March 29, 2011

The Day the War Began

Originally written shortly after the protest in 2003, an audio of this was broadcast on KUNM on the year anniversary of the war's inception.

Hopefully, reasons for writing about this will become fewer and fewer.

The Day the War Began.
            Three deep and two dozen across, the Albuquerque police department blocked eastbound Central Avenue. They wore Army fatigues, gas masks and helmets, held black batons, yet had no badges or name tags that identified each as a person, an individual. Judging from the surrounding army of police cars and police horses, and the four cruisers that closed Central further to the east, their function was clear. Not only do the authorities want to silence dissent, but they want to keep those not politically vocal from becoming aware of dissent at all.
            One of the cops held what looked like a toy water cannon and swung it back and forth across the crowd. The gun shook and he looked over to his right and then his left as if waiting for the right provocation.
            Behind me, in the westbound lane, the crowd dispersed, moving off the street and onto the sidewalk. Most of the protesters now lined Central. A few of them, too few, sat down in the street. They looked around, suddenly realizing the support that was there seconds ago had dispersed, leaving them a small half dozen against the line of police.
            To my left, some sort of gas canister rolled into the crowd blocking the Frontier restaurant. With gas billowing from the canister, the crowd ran back away from the restaurant, into the street and onto the other side of Central. A protester, clutching a bandana over her mouth, picked up and rolled the canister back toward the line of police.
            The rain began to fall.
            I walked up to the now lone protester and leaned up to her and said, “You can get off the street.”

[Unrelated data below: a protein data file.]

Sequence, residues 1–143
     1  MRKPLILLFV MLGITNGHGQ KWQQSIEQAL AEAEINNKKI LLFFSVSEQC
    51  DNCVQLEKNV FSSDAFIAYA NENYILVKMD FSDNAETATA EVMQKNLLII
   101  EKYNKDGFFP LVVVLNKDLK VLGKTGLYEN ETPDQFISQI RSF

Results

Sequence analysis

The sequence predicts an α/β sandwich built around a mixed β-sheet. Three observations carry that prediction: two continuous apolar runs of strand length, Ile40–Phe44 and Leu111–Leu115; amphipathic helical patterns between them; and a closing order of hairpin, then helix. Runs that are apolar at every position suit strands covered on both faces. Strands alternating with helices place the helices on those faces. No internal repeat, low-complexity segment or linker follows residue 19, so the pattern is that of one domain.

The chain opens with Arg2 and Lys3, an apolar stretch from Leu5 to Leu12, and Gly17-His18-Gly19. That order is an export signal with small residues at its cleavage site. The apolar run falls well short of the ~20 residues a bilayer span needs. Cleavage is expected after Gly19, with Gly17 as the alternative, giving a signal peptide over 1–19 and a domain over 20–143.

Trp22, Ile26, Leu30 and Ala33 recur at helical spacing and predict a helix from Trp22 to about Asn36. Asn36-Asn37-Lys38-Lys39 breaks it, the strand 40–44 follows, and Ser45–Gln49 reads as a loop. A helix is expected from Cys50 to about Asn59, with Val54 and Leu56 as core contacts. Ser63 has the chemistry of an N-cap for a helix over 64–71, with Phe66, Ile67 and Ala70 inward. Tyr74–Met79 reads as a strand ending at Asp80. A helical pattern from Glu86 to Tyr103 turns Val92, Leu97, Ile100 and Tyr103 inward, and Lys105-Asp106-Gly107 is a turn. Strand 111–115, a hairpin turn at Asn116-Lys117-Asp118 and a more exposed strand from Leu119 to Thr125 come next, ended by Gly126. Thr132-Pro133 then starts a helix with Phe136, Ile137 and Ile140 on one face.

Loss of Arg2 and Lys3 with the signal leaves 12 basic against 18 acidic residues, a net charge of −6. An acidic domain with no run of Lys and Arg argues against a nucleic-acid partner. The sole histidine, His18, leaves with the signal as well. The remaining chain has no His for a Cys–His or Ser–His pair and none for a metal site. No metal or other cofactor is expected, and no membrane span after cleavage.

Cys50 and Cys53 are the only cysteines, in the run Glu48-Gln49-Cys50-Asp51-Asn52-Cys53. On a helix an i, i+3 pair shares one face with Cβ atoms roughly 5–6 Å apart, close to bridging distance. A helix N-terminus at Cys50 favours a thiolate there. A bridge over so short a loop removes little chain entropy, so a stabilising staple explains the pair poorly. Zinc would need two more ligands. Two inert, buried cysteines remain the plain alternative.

She nodded, but stood there.
            Suddenly, the nervous cop grabbed me and pulled me towards him then pushed to his right.
            I didn’t resist, but moved with him and found myself seeing the protest from his vantage point. The angry crowd yelled and chanted from the side of the street. Whoever had lead the protest had either abdicated that responsibility now or become just another face in the mob. Chants of “Shame on you, shame on you,” emanated from a smaller and smaller crowd. Cops were everywhere, lining Central, blocking off Cornell, barking orders from horseback and waiting. I moved over to the sidewalk and looked out onto the street.
            She was standing alone in the middle of Central when he opened up with the gun. Armed with bean-bag pellets, the cop fired one after another into her body as she crumpled and fell.
            My eyes burned as I stepped out into the street. No one approached me or, from what I could tell, even noticed me as I walked across the street to where she was lying.
            She writhed in pain as I bent down and asked, “I’m Don. Is anything broken?”
            She shook her head “No.”
            “Can you stand up?”
            She moved around and then, grabbing my arm for support, pulled herself up. We walked over to the corner and she slumped under the stoplight.
            I bent down with her. “We’re in front of the Frontier now.”
            I glanced around and stared at the line of police. Blocking the entrance to the Frontier, a small female cop with blonde hair bleeding out from beneath the fatigues, looked around at the other cops.
            She could be my sister, I thought to myself. Having just graduated from the academy a year before, my little sister is a cop in Denver. Certainly she was doing this very same thing, or so I thought.
            Protesters were yelling at the cops, indiscriminately. On the last rainy day of winter, the cops of the city of Albuquerque were an army, and neither of us knew what we were doing or what was going to happen next. The real authorities were on the other end of phone lines, talking to the cops on horseback or standing next to cars, trying to coordinate a situation that had gone horribly wrong. The citizens of Albuquerque were in a stand off with the cops of Albuquerque. Somebody’s brother held a baton. Somebody’s sister yelled, “Shame on you,” and curled her hand into an accusing finger.
            I leaned over to a screaming protester who I knew and said, “They’re just doing what they’re told. Heather! They just want us to go home. We’ve made our point.”
            But had we?
            What I only partially realized last March is much clearer now. In my concern for the lives of innocent Iraqis, I’d taken to the street. And on the street, seeing the show of force by the Albuquerque police department, I’d lost track of the police’s humanity. They became the man, a machine. And, judging by their reaction, I became a rioter, a possible looter, a criminal. I’m still opposed to the war, but find myself making excuses for not speaking out. I’m afraid, and effectively silenced.

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